Record of Service Podcast Episode 1: Codebreakers | The Canadian Encyclopedia

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Record of Service Podcast Episode 1: Codebreakers

Record of Service, a podcast presented by The Memory Project, a program of Historica Canada. In this series, we bring you interviews with Canada’s veterans—their stories of life, loss and service. (Click here to view the entire series.)

Thousands of women served in intelligence facilities like Britain’s Bletchley Park and Canada’s Camp X during the Second World War. The Memory Project Archive contains stories from women who were recruited for these secret roles through the British Women’s Royal Naval Service and the Canadian Women’s Army Corps. Find out about more what they were doing and their oaths of secrecy.

Music Credit: Marcel Pequel – Four


Transcript

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Dorothy Lincoln: “You know I figured out what you’re doing in there. He said, ‘There’s army, navy, air force, civilians, he said, I think you’re decoding.’ Well, I nearly died on the spot and I thought, ‘My God, what am I going to say?’”

Maia Foster: Welcome to “Record of Service”, a podcast presented by Historica Canada. I’m your host, Maia Foster. In this series, we bring you interviews with Canada’s veterans—their stories of life, loss and service. Today’s episode: Codebreakers.

We begin in Bletchley Park, a Victorian manor some 80 kilometers outside of London, England. Starting in 1938, this 50-acre estate became a main station for the Government Code and Cypher School. At the start of the Second World War, 200 people were working at Bletchley Park—experts in math, crossword-puzzles, and chess who were hired to decode the enemy’s encrypted messages.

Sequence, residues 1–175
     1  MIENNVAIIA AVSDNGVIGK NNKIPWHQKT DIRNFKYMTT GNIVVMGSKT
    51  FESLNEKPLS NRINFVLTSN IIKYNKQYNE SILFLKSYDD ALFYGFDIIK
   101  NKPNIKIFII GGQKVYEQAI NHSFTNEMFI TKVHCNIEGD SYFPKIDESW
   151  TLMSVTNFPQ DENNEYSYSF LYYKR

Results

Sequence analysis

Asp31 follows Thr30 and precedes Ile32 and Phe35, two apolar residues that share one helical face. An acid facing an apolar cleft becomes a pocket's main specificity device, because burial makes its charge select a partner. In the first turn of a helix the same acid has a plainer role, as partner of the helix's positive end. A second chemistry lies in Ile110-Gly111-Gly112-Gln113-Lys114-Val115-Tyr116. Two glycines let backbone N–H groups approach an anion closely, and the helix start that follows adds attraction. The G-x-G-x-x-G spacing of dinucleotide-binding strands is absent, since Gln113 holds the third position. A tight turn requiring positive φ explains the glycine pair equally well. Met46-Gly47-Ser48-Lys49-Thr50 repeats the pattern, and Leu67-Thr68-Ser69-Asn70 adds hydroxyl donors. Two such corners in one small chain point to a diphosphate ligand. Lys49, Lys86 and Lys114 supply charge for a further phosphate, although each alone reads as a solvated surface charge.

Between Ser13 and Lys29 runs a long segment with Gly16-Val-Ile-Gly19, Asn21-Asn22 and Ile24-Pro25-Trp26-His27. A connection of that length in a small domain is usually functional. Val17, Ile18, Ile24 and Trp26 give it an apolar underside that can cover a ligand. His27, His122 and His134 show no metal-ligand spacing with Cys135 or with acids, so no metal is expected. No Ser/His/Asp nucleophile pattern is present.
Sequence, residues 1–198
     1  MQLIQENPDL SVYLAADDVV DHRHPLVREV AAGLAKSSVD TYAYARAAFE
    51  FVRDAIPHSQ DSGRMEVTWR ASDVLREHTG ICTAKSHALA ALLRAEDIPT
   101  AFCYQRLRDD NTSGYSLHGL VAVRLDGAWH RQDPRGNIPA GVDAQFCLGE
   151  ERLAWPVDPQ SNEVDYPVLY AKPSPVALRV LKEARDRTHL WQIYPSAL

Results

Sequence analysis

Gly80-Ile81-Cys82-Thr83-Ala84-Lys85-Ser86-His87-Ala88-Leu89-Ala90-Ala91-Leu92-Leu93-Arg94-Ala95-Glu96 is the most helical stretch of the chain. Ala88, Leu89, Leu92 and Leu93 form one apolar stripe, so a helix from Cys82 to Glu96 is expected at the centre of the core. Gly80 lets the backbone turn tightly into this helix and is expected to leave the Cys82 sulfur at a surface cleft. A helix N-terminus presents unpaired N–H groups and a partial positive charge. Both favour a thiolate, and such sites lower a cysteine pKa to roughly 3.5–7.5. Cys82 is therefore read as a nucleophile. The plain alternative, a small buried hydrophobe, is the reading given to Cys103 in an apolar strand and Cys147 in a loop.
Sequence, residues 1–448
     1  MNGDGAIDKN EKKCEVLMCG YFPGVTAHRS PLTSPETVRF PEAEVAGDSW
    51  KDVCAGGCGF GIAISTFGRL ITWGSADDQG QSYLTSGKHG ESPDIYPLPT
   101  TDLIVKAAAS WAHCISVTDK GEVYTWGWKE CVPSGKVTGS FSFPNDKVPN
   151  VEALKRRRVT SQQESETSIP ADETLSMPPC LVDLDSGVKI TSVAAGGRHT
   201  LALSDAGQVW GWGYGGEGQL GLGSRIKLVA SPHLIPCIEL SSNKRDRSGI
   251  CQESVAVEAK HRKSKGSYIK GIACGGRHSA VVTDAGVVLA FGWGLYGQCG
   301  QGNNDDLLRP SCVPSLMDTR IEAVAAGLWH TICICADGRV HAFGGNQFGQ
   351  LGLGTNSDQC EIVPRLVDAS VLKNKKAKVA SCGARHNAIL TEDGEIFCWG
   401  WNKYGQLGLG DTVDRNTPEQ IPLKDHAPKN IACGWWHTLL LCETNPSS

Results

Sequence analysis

Beryl Howe: “Most of them came from Oxford or Cambridge University.”

MF: This is Beryl Howe, one of Bletchley’s decoders.

BH: “Mostly mathematicians or people who had [a] sort of sideways vision in that they could look at a problem and see it from other than the straightforward angle. They were people who could do cryptic crossword puzzles in no time at all. People who had high mathematical skills.”

Elizabeth Burnyeat: “Bletchley Park was full of odd people, all nationalities, all different types of uniforms, all doing different things; nobody knew what anybody else was doing."

MF: That was Elizabeth Burnyeat, a veteran decoder who worked at Bletchley. By late 1944, the staff there had ballooned to close to 10,000 people, working around the clock in three shifts. Over two thirds of the staff were women.

Dorothy Lincoln remembers being presented with this mysterious opportunity when she inquired about joining the Women’s Royal Naval Service (also known as Wrens).